UK – Pension funds are likely to increase their investment allocation to global emerging markets despite fears of a growing bubble, according to Aberdeen Asset Managers.

“We remain positive on global emerging markets, where economic and political reforms have restored investor confidence,” said Aberdeen emerging markets (ex-Asia) chief Joanne Irvine at a roundtable seminar in London.

According to an Aberdeen statement, “Despite growing disquiet that there may be a bubble developing in emerging markets, Aberdeen believes this cycle may be different, as emerging market economies now appear less vulnerable to external shocks.

“This is the result of stricter fiscal and monetary policies, which have kept inflation down, lowered borrowing costs and allowed more domestic funding of debt.”

Many pension schemes currently allocate around 5% of their equity portfolios to the asset class, stated Irvine.

“Over the coming years, more and more schemes will probably increase their allocations,” she told IPE on the sidelines of the event.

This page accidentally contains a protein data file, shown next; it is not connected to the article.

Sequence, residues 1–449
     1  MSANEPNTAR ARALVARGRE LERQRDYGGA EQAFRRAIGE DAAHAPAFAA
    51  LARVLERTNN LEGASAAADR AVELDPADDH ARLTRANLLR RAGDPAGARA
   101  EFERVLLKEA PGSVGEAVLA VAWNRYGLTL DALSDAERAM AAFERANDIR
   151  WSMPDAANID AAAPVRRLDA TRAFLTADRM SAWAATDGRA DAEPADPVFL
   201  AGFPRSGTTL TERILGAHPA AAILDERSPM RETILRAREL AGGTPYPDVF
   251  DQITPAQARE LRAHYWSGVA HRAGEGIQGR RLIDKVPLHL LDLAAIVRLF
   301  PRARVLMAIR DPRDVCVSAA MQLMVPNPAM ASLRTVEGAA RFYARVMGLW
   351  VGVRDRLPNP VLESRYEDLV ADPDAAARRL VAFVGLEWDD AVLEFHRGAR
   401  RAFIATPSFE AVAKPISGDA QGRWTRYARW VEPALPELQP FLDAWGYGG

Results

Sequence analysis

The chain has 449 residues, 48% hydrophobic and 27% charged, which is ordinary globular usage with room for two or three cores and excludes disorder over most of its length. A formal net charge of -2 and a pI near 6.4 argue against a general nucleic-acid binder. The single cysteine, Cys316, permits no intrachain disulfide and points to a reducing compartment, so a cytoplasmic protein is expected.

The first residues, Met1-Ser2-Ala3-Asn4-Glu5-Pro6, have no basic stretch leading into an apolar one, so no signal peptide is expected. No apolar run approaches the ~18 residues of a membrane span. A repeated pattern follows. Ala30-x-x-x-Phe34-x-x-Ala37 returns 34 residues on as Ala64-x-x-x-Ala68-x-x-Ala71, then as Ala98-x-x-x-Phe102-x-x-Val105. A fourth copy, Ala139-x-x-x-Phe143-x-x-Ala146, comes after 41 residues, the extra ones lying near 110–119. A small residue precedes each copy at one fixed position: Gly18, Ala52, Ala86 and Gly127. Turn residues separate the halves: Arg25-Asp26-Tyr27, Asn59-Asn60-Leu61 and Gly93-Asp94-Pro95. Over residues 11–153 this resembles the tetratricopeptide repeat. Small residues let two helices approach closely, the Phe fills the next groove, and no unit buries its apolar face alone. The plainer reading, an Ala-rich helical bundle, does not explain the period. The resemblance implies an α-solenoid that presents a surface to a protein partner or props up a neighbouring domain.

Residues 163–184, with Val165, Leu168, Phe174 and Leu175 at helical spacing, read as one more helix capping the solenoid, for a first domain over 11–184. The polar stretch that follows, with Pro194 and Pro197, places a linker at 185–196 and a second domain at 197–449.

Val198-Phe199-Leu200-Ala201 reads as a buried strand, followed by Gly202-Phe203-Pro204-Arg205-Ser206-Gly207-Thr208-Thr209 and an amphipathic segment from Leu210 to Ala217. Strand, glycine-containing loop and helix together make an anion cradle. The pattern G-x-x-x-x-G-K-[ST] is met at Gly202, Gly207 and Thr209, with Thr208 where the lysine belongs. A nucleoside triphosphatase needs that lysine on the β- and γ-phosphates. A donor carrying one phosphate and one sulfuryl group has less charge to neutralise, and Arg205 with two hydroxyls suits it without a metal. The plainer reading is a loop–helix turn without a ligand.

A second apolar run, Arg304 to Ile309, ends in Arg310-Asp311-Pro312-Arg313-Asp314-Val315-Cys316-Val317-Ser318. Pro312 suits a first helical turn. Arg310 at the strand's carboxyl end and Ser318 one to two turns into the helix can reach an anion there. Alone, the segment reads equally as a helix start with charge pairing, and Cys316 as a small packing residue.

However, many pension funds still have a zero allocation, and the first step of investing in global emerging markets is “typically” a 5% allocation, Irvine added.

Aberdeen investment manager (emerging market equities ex-Asia) Mark Gordon-James said: “It’s the long term, it’s the future. China, India and Brazil are going to be major players. I think it’s a strategic asset allocation decision for pension funds.”

However, in news reports today, an industry commentator warned emerging market investors they could be “underestimating” the risks involved in emerging markets.

Institute for International Finance vice chairman and senior Citigroup banker Bill Rhodes was reported as saying: “The days of easy money are over.”

While Rhodes – one of those behind Brady bonds - didn’t state another Asian crisis was imminent, he warned in the report: “We are in a situation similar to that which existed in the spring of 1997, when threats existed to market stability and a lot of people didn’t want to see it.”

He urged lenders and investors to be “prudent”, while pushing governments to follow policies building on existing investor confidence.